Coloring Princess Mirah Batiks is a patient process. It begins with the first color bath applying the dominant color. Then, having been washed, the textiles are folded onto screens in open air providing abundant sunlight. Strings of color are then applied to make the characteristic blends that Princess Mirah is so famous for.

Knowing how to fold the fabrics and apply the color requires both experience and method. The workers are from generations of batik workers, where the experience of coloring and stamping runs from father to son for generations. Soda is applied to preserve/enhance color, and bathing in the tropical sunlight makes the colors both deep and vibrant.

Timing is of the essence. The fabrics need to bathe in the sun to get the right tan of color, neither staying too long nor too short in the sun to get exactly the color Princess Mirah is looking for.

To become a master of batik stamping requires meticulous precision and care. Seeing the master at work is like watching a dance. The copper stamp with the handle is first dipped with great care in hot wax before the master with ease and speed moves the batik stamp to its designated place on the cloth, measured out, in advance by the craftsman’s left hand, which directs the stamps and balances his own weight while he lightly makes the impression into the cloth, before the process is repeated all over again.  All the copper stamps are hand made by these masters based on original drawings by Princess Mirah.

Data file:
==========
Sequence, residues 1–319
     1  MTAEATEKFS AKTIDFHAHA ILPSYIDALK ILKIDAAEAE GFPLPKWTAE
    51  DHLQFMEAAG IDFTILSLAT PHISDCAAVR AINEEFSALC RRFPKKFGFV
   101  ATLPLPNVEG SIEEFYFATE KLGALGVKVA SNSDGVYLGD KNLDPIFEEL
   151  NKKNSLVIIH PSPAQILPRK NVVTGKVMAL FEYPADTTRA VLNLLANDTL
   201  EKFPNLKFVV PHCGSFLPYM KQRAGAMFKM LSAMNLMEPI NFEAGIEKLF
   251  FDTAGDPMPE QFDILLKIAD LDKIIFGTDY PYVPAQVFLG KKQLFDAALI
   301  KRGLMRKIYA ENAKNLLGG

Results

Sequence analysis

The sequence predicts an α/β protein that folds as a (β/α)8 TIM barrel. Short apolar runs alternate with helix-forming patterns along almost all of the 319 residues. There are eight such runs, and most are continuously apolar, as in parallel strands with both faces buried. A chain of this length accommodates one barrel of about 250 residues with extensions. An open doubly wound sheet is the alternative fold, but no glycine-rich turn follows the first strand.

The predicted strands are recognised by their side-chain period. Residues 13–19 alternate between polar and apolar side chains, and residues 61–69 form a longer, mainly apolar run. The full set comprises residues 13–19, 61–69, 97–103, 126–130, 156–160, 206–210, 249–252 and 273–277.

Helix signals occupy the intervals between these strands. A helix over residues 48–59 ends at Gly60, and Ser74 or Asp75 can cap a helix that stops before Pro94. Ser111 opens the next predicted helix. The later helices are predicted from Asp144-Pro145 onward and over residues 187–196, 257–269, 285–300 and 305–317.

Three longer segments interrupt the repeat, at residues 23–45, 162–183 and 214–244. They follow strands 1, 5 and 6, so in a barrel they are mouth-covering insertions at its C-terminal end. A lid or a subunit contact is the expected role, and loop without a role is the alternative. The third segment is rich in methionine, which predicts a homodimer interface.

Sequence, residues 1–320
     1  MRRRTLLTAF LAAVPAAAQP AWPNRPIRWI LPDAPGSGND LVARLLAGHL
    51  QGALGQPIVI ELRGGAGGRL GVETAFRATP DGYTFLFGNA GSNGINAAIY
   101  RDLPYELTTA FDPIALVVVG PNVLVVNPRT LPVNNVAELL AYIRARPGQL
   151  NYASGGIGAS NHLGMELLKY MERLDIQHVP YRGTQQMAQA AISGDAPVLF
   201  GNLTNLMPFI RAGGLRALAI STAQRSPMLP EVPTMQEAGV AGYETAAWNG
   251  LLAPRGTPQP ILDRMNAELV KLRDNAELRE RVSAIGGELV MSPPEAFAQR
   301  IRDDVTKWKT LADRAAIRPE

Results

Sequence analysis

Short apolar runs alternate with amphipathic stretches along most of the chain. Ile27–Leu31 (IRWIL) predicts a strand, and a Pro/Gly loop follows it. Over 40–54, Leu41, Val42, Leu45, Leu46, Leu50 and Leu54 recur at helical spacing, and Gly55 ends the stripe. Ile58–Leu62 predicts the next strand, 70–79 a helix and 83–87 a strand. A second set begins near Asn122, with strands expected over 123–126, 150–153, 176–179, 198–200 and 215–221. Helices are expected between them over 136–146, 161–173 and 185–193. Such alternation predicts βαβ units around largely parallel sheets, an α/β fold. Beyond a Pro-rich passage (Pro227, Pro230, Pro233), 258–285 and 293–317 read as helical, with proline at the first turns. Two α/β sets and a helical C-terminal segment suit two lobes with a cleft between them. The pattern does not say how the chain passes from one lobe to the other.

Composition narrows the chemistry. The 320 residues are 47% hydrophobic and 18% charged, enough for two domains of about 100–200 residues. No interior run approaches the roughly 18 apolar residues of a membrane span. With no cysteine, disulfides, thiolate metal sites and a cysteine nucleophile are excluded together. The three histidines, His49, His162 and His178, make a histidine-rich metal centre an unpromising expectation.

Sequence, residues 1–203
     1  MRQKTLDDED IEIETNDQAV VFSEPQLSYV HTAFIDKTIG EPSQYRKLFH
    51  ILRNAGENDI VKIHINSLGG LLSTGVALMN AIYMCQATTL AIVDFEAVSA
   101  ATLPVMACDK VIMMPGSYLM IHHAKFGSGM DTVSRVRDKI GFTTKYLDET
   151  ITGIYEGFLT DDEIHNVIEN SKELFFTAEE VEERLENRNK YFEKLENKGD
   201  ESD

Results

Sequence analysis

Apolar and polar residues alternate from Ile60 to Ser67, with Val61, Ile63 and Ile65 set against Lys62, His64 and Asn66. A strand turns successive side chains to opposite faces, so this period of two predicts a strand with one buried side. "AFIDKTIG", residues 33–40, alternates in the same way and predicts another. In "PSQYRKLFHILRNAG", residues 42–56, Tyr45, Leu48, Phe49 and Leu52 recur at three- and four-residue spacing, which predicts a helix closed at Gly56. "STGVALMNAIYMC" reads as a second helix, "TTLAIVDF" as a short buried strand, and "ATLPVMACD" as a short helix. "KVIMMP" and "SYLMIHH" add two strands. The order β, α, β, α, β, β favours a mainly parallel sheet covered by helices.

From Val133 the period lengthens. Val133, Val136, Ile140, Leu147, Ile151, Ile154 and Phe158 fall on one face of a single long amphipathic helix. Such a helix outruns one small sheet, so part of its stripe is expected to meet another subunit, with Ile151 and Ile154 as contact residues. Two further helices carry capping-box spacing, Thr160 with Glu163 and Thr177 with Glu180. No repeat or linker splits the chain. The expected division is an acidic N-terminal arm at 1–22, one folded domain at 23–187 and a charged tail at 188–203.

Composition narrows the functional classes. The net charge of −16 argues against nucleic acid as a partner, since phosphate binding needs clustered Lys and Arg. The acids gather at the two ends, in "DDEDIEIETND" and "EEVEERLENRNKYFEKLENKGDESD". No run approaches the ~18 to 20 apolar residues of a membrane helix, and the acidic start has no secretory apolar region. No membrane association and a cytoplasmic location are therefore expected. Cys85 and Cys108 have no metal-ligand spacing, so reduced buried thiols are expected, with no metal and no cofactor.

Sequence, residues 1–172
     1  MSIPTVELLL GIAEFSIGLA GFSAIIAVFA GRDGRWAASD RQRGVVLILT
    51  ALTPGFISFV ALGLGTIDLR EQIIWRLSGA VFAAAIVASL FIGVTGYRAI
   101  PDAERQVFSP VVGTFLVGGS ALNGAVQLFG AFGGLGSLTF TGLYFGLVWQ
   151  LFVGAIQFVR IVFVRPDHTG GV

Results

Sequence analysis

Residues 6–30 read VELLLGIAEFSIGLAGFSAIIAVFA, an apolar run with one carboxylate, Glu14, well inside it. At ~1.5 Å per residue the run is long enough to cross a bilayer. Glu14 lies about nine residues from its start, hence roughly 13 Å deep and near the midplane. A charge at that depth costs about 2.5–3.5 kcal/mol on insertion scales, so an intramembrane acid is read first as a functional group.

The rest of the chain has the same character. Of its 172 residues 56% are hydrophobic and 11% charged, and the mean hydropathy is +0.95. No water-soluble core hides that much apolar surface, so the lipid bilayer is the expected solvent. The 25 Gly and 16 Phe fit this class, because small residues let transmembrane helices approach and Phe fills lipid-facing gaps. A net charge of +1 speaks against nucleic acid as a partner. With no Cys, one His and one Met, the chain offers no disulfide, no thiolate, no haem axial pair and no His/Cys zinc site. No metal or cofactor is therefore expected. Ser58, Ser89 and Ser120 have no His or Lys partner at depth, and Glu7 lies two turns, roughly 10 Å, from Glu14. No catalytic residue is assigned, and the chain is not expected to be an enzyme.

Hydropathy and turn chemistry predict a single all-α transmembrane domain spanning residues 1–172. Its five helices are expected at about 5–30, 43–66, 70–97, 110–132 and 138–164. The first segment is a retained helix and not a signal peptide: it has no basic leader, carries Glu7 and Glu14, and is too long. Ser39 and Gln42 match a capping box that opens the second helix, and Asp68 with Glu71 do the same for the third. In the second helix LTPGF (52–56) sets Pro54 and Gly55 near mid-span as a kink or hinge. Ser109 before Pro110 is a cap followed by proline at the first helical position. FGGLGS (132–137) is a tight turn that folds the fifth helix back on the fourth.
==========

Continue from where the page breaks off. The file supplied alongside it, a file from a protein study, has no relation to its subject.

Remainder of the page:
Princess Mirah has been producing the finest batiks in Bali since 1981. Production is a complicated process that ends with quality to control, double folding, labeling and packing, to ensure that the batiks that reaches you holds the highest standards. Here is a glimpse of some of the people and staff that brings Batik by Mirah all the way from Bali to you.